The World According to Nick
My take on Software, Technology, Politics, and anything else I feel like talking about.
Wednesday, November 16, 2005

Don't Advertise the 1st Amendment 

Google Base is now officially live, after news of the service was leaked a couple months early. I'm currently looking at using Google Base for a basic database service that I can use for random and rotating content that I have in my right hand side bar. Right now I use static XML contained in Javascript which requires I have FTP access to my ISP account in order to change. I'd like to see what I can do to change that.

As I was investigating how I might be able to use this new service, I stumbled upon their Program Policies, and this one struck me as strange in particular:

Items and associated websites may not promote violence or advocate against a protected group. A protected group is distinguished by their:
  • Race or ethnic origin
  • Color
  • National origin
  • Religion
  • Disability
  • Sex
  • Age
  • Veteran status
  • Sexual orientation/Gender identity
This standard applies to everyone who wants to post on Google, whether we agree with their viewpoint or not.

I can understand them not wanting to promote violence against anyone using this service... but they also say you can't "advocate against" any of those groups either... and that list is pretty damn comprehensive. "Advocate against" doesn't imply violence at all... it simply means that you can't speak against them in any way. Does anyone else think that is pretty damn broad? I find this especially interesting given the criticism that Google News faces with their choices of accepted news services. Are they going to be removing al Jazeera from their list any time soon now?

Since this is such a broad and vague restriction, I can't help but think how this could easily be selectively used to remove some postings and not others. I hope that doesn't come to pass. On the one hand I can understand their desire to do this with this service. Primarily they want to use this as a means to host the sale of products and services. Nothing turns away customers faster than deep rooted politics. On the other hand, I'm a big fan of free speech... and this just doesn't sit very well with me.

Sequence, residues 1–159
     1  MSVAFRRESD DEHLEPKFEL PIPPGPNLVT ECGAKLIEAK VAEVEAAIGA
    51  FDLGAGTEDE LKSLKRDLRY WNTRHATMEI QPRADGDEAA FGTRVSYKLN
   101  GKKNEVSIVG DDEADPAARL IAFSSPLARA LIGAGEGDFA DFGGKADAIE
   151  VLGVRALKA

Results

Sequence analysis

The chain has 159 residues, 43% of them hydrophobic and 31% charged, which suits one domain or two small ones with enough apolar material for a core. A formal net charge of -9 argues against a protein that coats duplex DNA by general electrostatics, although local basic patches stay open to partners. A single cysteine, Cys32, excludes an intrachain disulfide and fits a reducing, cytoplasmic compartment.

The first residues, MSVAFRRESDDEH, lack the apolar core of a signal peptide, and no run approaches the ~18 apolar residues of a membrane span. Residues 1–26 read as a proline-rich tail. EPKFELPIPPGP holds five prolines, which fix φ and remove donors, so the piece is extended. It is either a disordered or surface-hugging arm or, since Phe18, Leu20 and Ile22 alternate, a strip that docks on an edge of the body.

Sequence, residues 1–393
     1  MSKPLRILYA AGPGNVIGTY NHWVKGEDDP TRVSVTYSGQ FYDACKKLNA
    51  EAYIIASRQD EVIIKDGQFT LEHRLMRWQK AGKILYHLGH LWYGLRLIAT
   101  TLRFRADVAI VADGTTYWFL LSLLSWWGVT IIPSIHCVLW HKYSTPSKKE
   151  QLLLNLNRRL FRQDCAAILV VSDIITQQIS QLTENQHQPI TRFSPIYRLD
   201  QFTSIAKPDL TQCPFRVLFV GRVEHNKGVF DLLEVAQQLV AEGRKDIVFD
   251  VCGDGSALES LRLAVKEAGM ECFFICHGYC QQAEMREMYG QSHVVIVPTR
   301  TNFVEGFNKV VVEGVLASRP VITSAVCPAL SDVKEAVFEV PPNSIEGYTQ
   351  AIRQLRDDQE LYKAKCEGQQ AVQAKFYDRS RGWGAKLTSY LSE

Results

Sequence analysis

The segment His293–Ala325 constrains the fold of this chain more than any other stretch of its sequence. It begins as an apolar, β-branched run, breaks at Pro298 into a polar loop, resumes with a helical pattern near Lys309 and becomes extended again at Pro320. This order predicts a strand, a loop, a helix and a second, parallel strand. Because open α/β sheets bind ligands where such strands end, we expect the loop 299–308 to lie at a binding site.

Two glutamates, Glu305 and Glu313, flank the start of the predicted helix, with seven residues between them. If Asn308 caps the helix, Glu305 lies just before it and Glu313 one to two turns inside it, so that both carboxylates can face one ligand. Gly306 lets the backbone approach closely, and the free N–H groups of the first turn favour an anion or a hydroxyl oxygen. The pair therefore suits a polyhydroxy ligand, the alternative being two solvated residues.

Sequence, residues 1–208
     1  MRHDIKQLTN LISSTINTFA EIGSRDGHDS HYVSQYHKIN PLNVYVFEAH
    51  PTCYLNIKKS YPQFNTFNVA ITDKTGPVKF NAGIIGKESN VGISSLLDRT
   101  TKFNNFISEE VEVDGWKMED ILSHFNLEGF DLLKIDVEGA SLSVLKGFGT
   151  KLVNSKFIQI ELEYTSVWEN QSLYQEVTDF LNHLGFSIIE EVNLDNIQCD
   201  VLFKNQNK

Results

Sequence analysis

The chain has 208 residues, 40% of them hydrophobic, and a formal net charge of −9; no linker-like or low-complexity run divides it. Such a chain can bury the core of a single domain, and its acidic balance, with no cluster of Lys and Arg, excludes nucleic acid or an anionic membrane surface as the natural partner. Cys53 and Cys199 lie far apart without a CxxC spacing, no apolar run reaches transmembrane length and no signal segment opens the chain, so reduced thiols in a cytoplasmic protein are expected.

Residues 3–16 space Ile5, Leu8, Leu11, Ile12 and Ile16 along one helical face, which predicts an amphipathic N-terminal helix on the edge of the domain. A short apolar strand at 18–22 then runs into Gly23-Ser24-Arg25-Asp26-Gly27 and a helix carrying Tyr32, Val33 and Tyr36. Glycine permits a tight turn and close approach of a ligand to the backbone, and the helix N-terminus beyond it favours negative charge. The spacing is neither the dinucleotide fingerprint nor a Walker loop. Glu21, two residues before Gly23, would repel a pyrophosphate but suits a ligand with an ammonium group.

Comments:

On the one hand I can understand their desire to do this with this service. Primarily they want to use this as a means to host the sale of products and services. Nothing turns away customers faster than deep rooted politics.

I wonder if this is so they don't inadvertently get shut down, for example, in Germany, where Nazi-sympathetic expression is illegal. I seem to recall something similar happening (or almost happening) to AOL a few years ago.

  Posted at November 16, 2005 6:59 PM by Blogger Bostonian Exile  
I don't buy that argument for one reason. One of their other policies specifically states that any products being sold have to be in the United States (at least for now).

  Posted at November 17, 2005 10:32 AM by Blogger Nick  
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Name: Nick
Home: Wauwatosa, WI, United States

I'm a Software Consultant in the Milwaukee area. Among various geeky pursuits, I'm also an amateur triathlete, and enjoy rock climbing. I also like to think I'm a political pundit.


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